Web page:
In our early years, our parents used to offer variations on the process of opening gifts at Christmas. One was the "Russian nesting doll" variation: We opened a huge box found under the tree only to reveal a slightly smaller box inside, followed by a slightly smaller box inside that, and so on.
Sometimes the core of the nesting boxes had a small gift inside. Other times, the smallest box contained a clue as to where the actual gift, which might be as large as a bicycle, lay.
My favorite variation, however, was the treasure hunt. The initial gift (or envelope) contained a hint leading us to the next clue, found somewhere in the house.
As we got older, the hints became little riddles in themselves. We had to work out where the next clue was, which process sometimes took some trial and error.
(My apologies for the sideways photos here; Blogger is messing up my formatting.)
This year Gwendolyn's main gift from me came at the end of a treasure hunt. Since she's not adept at reading yet, Sara had the brilliant idea of making it a visual hunt. On the reverse of every colored circle was a photograph of the next colored circle at its location in the house. When Gwendolyn identified where the picture was taken, she could easily find the next circle.
What fun to follow an excited three-and-a-half-almost-four-year-old around the house as she found the clues! It was certainly worth staying up late to put the construction paper circles in place.
Next post: what was behind the orange and green doors . . .
For the past ten years, I have made an anniversary gift for my wife out of the material assigned for that year (probably by Hallmark in a grand marketing plan). Last year's gift was made out of tin; my list then begins skipping every five years--I did not have a material for the eleventh anniversary. (I have recently been told that the material is steel--oy!)
The day of our eleventh anniversary last month we were committed to the annual caroling event with the youth of our congregation, which does not make for an exciting anniversary date. So we postponed the celebration until January. Last week Sara I and went out for supper at one of our better local restaurants, then met up with friends at another local joint for the best desserts in Afton. While we were together, I gave Sara her anniversary gift this year, something I've been planning since last winter: a Silver Star.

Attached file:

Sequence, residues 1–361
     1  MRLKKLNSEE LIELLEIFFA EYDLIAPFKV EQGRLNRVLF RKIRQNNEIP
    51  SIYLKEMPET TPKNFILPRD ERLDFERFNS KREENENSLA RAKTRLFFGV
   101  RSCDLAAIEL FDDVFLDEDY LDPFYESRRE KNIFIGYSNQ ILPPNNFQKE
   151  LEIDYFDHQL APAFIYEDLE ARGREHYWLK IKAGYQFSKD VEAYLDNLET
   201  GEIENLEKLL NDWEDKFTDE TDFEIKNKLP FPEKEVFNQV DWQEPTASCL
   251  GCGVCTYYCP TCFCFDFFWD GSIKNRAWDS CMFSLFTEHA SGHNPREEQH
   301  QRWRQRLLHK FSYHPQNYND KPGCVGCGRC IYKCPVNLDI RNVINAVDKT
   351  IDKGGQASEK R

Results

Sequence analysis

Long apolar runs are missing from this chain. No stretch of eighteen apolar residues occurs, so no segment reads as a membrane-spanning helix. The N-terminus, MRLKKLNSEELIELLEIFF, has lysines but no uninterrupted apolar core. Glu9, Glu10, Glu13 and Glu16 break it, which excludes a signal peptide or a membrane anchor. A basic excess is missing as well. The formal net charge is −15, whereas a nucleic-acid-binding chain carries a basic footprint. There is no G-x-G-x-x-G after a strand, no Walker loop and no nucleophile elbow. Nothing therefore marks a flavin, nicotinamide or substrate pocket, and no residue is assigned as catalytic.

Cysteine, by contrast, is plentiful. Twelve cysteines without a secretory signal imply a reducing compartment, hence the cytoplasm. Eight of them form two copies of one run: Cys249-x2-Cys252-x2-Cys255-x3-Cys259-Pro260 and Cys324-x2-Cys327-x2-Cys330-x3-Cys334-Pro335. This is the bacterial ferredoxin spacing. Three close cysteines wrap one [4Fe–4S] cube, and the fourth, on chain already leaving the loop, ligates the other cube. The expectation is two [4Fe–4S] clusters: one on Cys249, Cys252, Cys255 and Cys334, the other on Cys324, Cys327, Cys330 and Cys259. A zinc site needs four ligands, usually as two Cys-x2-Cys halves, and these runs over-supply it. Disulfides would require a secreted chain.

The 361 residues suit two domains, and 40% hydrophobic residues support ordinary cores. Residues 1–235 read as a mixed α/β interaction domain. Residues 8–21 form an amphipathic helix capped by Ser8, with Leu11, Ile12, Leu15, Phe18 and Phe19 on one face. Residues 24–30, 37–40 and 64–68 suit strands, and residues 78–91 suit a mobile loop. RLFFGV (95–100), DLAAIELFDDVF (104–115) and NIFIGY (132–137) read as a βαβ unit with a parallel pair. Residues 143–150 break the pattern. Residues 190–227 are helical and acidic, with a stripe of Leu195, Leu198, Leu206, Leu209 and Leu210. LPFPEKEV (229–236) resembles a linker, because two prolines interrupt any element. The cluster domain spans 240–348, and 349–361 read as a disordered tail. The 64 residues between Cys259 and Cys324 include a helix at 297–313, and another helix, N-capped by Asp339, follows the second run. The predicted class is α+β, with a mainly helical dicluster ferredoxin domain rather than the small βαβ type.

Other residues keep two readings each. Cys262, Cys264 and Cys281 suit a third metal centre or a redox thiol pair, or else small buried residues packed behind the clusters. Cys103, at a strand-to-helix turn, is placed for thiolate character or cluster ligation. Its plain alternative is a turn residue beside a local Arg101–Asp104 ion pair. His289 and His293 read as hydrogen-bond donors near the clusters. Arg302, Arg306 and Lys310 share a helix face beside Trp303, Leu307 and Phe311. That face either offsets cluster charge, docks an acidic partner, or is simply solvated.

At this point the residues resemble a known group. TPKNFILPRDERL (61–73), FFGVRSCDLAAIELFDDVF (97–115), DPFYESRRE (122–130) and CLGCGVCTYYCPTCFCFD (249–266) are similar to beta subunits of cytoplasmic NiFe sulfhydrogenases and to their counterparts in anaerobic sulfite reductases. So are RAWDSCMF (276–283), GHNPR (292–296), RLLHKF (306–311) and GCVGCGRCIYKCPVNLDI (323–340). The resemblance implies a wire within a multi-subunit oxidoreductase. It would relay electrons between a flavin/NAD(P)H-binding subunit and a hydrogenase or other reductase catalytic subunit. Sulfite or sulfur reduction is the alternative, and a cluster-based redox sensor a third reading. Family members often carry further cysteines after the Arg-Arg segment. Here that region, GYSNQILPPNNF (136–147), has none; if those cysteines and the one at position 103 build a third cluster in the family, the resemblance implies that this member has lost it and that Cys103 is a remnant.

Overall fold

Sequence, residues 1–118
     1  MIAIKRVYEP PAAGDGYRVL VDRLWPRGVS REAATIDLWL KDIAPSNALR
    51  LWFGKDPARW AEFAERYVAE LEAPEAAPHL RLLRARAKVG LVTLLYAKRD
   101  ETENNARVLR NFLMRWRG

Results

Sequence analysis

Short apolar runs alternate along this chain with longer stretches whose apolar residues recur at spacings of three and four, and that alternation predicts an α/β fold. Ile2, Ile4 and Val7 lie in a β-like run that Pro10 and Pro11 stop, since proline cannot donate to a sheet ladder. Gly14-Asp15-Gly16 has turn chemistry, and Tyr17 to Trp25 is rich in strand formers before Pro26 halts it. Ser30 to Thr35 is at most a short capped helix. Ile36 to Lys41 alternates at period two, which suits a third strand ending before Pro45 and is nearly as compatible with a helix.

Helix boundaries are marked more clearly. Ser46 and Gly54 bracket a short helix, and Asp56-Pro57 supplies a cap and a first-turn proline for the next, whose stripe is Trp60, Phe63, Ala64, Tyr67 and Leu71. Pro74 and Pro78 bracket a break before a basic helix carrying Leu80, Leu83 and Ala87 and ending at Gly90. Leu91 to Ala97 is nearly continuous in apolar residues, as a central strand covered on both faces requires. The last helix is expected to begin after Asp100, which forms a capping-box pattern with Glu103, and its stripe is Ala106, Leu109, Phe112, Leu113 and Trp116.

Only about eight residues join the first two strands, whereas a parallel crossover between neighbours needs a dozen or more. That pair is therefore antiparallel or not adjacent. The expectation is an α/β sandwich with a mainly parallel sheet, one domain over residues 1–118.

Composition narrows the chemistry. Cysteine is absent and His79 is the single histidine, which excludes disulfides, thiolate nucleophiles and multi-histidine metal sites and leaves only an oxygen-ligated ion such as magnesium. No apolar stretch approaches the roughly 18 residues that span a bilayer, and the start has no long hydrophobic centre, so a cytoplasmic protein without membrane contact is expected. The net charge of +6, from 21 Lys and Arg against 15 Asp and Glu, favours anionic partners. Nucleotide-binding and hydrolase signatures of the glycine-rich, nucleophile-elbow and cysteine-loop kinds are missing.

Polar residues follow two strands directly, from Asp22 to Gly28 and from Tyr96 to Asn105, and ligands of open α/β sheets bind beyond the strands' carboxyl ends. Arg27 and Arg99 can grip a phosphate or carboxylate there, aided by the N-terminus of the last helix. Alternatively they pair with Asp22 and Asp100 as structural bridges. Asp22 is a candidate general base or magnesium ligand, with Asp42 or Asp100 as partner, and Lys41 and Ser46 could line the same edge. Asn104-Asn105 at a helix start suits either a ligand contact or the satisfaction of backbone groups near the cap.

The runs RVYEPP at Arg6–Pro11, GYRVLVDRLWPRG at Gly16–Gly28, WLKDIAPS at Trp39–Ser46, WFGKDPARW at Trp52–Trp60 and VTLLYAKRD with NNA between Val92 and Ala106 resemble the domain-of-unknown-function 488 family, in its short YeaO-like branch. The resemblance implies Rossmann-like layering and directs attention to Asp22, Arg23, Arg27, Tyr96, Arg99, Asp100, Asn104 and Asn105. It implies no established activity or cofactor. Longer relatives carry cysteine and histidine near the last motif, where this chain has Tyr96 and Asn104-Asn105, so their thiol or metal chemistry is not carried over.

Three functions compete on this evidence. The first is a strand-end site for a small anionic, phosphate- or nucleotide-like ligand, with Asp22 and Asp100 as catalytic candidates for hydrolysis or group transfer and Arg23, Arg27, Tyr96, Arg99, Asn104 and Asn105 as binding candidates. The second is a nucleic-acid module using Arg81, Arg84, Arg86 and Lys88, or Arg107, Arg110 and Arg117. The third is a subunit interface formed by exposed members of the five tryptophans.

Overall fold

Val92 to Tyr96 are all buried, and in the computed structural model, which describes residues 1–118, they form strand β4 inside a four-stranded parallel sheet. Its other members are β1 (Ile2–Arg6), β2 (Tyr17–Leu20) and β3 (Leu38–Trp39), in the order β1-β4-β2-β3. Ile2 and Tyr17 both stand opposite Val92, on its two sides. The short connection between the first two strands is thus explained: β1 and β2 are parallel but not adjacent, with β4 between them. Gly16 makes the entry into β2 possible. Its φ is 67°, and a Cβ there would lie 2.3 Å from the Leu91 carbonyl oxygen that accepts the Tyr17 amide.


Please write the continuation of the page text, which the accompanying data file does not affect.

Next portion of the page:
For eleven years I have been proud to be married to such a wonderful woman, full of dedication, industry, smarts, and love. Her superb sacrifice for the community after the flood of 2011 gave me an excuse to honor her a bit extra. Because the image and symbol are handy, I used the military honor of the Silver Star to mark it. Here's the text from the award that hangs now on our wall:
"In September 2011 Sara coordinated flood relief efforts operating out of Nineveh Presbyterian Church, working long hours under stressful and exhausting conditions. Meanwhile she continued to provide for the needs of a household which included one busy husband and one energetic toddler, all while in the throes of early pregnancy. She showed a character of perseverance, compassion, and patience under all circumstances. For these inspiring acts which would make any other husband jealous, Sara Jane Tyler is awarded the Silver Star."
It's Monday morning. Sara's asked for time to work, so I've got the kids. Micah is down for his morning nap.
The morning has been the familiar inexhaustible litany of requests, exclamations, and cries from Gwendolyn. Then: something unexpected. She points to her gingerbread house, made with Granny in early December, which has been sitting on our counter for a month. I can't help looking at it and seeing mouse attractant.
"We have to put this outside for the birds and the squirrels." Squirrels still comes out like krurruls from my three-and-a-half-almost-four-year-old's lips.
I have no idea where she came up with this idea. I try not to let my happiness seem excessive. "Really?"
"Yeah." Matter-of-fact. As if everyone puts out gingerbread houses on January 14th for local fauna to eat. As if it's a Catholic feast day.
We don our boots, hats, and mittens. The air is cold. Right there, outside the kitchen picture window, we lay the cookie abode to rest, a hapless victim of nature. Then we come inside.
Without a word Gwendolyn retrieves her "oggles," binoculars made out of two mismatched paper towel tubes glued together and decorated with princess and butterfly stickers (magnification: 1X). She perches on a chair next to the picture window and peers through her binoculars at the gingerbread house, six feet and a world away on the other side of the triple panes. I sit next to her, gazing into the cold January sky.
"Daddy, you need your oggles."
I reach over to the counter and pick up my pair of toilet paper tubes with DADDY inked on one side. Gwendolyn made a pair for every member of the family, including Micah, how sees cardboard only as a fantastic chew toy.
Now we are partners in the watching, our worlds divided evenly into two circles.
The gingerbread house sits alone against the pale green and brown of early winter, a steel blue sky showing no sign either of birds or squirrels. But we watch.
For ten minutes we sit in silence. Ten minutes: a blessed eternity in my life with a whirlwind preschooler, with no words, no whining, not even the quiet contemplative singing she often does. She is too focused to speak, riveted by the expectation that at any moment a flock of birds or warren of squirrels will appear in the field of her binoculars. The moment is full of gravity and hope. We are watching.
She is watching for the hidden beneficiaries of this unexpected winter treat.
I am watching, silent with joy, yet another facet of this ever-new life lit by our winter window.